I am a widow. I am a widow. I am a widow. No matter how I say it, I am a widow. This is odd to me. Yeah, it’s scary as hell and lonely, and pissy. And yeah, the definition comes with all sorts of baggage and horrible connotations. But to me, admitting this to myself means two things. First, my life from now on will always be one without my husband, my steadfast, my co-parent, my lover and my best friend. Always. This will never ever change. Second, my like has taken a turn from the road of what I thought was going to be – a fairly smooth road with some bumps, sure – to a road I don’t know – near a cliff and headed God knows where.
By now, you might think I should get this, I am a widow. I mean, it’ll be 10 weeks come Monday. Ten weeks I should be accepting, or at least realize I am a widow. And I do. Sometimes. Most times. Not all the time.
Last night, I was out with friends on at a local brewery for Trivia Night. It was almost fun. It helped I was pretty good at it. I’ll admit, I didn’t feel truly comfortable being out. Comfort is not my thing right now. I could have even come across as crabby. I am like that a lot, crabby. I try not to be and yet, I am. I’m normally not a crab, but boy did that change ten weeks ago. Anyway, I was having a fairly decent time when out of the blue – seriously, out of nowhere – it hits me. I am a widow. I have no Peter. I have no husband. These realizations bitched slapped me in the middle of a question about who the Nurse took in the Farmer and the Dell. (The cow, by the way.) A few minutes later, during a break, I went to the bathroom and had a short cry.
At Target the other day, I was walking down the aisles like I always do, finding things to add to my cart that I don’t need but, you know, it was Target. Target has this magic power of moving my hand onto things like dish towels and putting them in my basket. As I walked, seeing nothing in particular to trigger me- no couple, no kid with her dad – and not hearing anything to egg me on – no love song, or missing you song – I started to cry. I cried from the words that popped up in my head, I am a widow. They came out of nowhere and sucker-punched my heart. And the tears came. It seems, sadly, after all these weeks, I don’t need a trigger or an egging on.
While I was reconciling payroll on Tuesday, tears stained some of the timesheets. Why? One fleeting thought of I am without Peter, I am a widow, and I was a goner. I had to pull myself out of my chair, run to the bathroom and let it all go. Let myself crumble into a mess of emptiness and longing. Nothing says you are alone in this world of widowhood than being a heaping pile of tears in a bathroom stall.
Every night, before I go to bed, I am reminded I am a widow, I am without Peter. And it shocks me. It does. Every night it does. Maybe it’s a picture of Peter I stare and talk to as if he’ll pop out. Or maybe it’s the lonely steps up the stairs to my empty bed like some bad Norma Desmond reenactment only the other way. Or maybe, no, probably, no, definitely, I can’t wrap my head or my heart completely around the fact I will forever be without Peter and I will live as a widow.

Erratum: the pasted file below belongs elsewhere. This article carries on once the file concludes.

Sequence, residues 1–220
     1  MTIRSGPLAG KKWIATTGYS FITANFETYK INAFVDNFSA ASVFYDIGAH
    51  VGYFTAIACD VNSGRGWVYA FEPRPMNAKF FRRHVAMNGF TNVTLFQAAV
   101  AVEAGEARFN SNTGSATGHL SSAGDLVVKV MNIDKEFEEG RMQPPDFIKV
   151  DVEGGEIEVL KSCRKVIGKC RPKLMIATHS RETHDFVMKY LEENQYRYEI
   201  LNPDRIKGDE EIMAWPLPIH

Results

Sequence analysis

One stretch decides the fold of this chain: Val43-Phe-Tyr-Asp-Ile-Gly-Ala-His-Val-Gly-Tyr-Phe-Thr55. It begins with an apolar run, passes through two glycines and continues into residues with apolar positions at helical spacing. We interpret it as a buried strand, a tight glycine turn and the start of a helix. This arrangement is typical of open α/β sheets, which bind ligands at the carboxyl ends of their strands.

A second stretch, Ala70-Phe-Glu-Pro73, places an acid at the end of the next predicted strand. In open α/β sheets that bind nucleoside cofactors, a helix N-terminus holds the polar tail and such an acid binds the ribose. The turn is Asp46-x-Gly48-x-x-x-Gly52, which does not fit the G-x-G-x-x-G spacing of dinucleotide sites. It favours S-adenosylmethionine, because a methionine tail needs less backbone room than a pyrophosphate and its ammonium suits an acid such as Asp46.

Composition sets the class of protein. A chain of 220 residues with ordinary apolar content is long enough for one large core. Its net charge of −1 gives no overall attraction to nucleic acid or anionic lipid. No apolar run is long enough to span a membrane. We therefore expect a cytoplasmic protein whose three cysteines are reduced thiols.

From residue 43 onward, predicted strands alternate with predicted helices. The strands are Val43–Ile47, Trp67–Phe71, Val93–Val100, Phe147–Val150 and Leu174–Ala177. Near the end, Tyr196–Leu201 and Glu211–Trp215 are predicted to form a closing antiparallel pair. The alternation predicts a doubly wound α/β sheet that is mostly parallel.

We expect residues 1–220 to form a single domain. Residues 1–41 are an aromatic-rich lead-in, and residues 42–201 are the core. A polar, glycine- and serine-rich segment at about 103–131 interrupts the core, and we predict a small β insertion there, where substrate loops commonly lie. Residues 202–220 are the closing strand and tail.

I tell people all the time that I can’t believe I’m living this life. I know denial is all part of the grieving process. Only, I’m not in denial. Not really. It’s more of disbelief. I know Peter is dead. No denying it. The initial accident report, the death certificate, the lawyers, the insurance companies, the donations of his belongings, the absence felt every day, everything I live now reminds me Peter is dead. Oh, I know it and I know it hard and deep. And I can’t seem to understand, really understand, this is my life now. I can’t seem to believe the unhappiness I am always living. I can’t seem to reconcile my life has taken a sharp turn and headed toward the cliffs.
I have better days and then I’m tripped up by a memory, a realization, an out-of-nowhere feeling of life without Peter and being a widow. Then, I fall down, hard, in despair, in anguish, in loneliness, in pain. I suppose this is the definition of grief. The sudden change of mood or the constant change of mood. And yes, eventually, I will learn to live with this broken heart – a definition of widowhood Cindy McCain gives. And yes, it is still all so new. And yes, I am feeling my feels and going through the pain. I logically know all of this and I do not have to be reminded. What I don’t get, what I will never get, is how this all happened in the first place, how I have no Peter, how I have no marriage … how I am a widow.